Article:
Applications range from protective coating to sterilize hospital surfaces and medical equipment or as an injection to more effectively treat patients
Researchers from IBM (NYSE: IBM) and the Institute of Bioengineering and Nanotechnology have revealed an antimicrobial hydrogel that can break through diseased biofilms and completely eradicate drug-resistant bacteria upon contact. The synthetic hydrogel, which forms spontaneously when heated to body temperature, is the first-ever to be biodegradable, biocompatible and non-toxic, making it an ideal tool to combat serious health hazards facing hospital workers, visitors and patients.
Traditionally used for disinfecting various surfaces, antimicrobials can be found in traditional household items like alcohol and bleach. However, moving from countertops to treating drug resistant skin infections or infectious diseases in the body are proving to be more challenging as conventional antibiotics become less effective and many household surface disinfectants are not suitable for biological applications.
IBM Research and its collaborators developed a remoldable synthetic antimicrobial hydrogel, comprised of more than 90% water, which, if commercialized, is ideal for applications like creams or injectable therapeutics for wound healing, implant and catheter coatings, skin infections or even orifice barriers.
Able to colonize on almost any tissue or surface, microbial biofilms – which are adhesive groupings of diseased cells present in 80% of all infections – persist at various sites in the human body, especially in association with medical equipment and devices. They contribute significantly to hospital-acquired infections, which are among the top five leading causes of death in the United States and account for up to $11 billion in healthcare spending each year.
Despite advanced sterilization and aseptic techniques, infections associated with medical devices have not been eradicated. This is due, in part, to the development of drug-resistant bacteria. According to the CDC, antibiotic drug resistance in the U.S. costs an estimated $20 billion a year in healthcare costs as well as 8 million additional days spent in the hospital.
Through the precise tailoring of polymers, researchers designed macromolecules, a molecular structure containing a large number of atoms, which combine water solubility, positive charge, and biodegradability characteristics. When mixed with water and heated to body temperature the polymers self-assemble, swelling into a synthetic gel that is easy to manipulate. This highly desirable capability stems from self-associative interactions that create a “molecular zipper” effect. Analogous to how zipper teeth link together, the short segments on the new polymers also interlock, thickening the water-based solution into re-moldable and compliant hydrogels. Since they exhibit many of the characteristics of water-soluble polymers without being freely dissolved, such materials can remain in place under physiological conditions while still demonstrating antimicrobial activity.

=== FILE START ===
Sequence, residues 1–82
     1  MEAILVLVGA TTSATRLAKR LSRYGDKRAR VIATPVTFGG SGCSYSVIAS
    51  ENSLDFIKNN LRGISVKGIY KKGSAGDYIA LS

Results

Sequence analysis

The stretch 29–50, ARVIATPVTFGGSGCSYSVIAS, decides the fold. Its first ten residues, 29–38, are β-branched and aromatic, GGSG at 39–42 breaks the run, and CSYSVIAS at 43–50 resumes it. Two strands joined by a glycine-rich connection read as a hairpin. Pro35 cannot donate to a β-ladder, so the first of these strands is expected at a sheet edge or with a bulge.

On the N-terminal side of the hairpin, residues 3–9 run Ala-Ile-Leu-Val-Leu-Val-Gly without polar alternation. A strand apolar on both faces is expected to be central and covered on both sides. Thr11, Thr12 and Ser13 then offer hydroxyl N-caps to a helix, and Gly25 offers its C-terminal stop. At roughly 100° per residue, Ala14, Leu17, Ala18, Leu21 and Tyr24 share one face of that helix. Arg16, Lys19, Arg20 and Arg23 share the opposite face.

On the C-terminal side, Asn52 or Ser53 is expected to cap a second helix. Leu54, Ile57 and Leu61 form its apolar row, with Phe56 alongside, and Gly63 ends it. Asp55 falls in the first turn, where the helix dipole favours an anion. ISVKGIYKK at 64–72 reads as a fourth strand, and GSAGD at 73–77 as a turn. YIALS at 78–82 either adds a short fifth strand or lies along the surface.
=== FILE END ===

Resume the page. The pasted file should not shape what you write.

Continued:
“This is a fundamentally different approach to fighting drug-resistant biofilms. When compared to capabilities of modern-day antibiotics and hydrogels, this new technology carries immense potential,” said James Hedrick, Advanced Organic Materials Scientist, IBM Research, “This new technology is appearing at a crucial time as traditional chemical and biological techniques for dealing with drug-resistant bacteria and infectious diseases are increasingly problematic.”
When applied to contaminated surfaces, the hydrogel’s positive charge attracts all negatively charged microbial membranes, like powerful gravitation into a blackhole. However, unlike most antibiotics and hydrogels, which target the internal machinery of bacteria to prevent replication, this hydrogel kills bacteria by membrane disruption, precluding the emergence of any resistance.
“We were driven to develop a more effective therapy against superbugs due to the lethal threat of infection by these rapidly mutating microbes and the lack of novel antimicrobial drugs to fight them. Using the inexpensive and versatile polymer materials that we have developed jointly with IBM, we can now launch a nimble, multi-pronged attack on drug-resistant biofilms which would help to improve medical and health outcomes,” said Dr Yi-Yan Yang, Group Leader, Institute of Bioengineering and Nanotechnology, Singapore.
The IBM nanomedicine polymer program – which started in IBM’s Research labs only four years ago with the mission to improve human health – stems from decades of materials development traditionally used for semiconductor technologies. This advance will expand the scope of IBM and IBN’s collaborative program, allowing scientists to simultaneously pursue multiple methods for creating materials to improve medicine and drug discovery. An industry and institute collaboration of this scale brings together the minds and resources of several leading scientific institutions to address the complex challenges in making practical nanomedicine solutions a reality.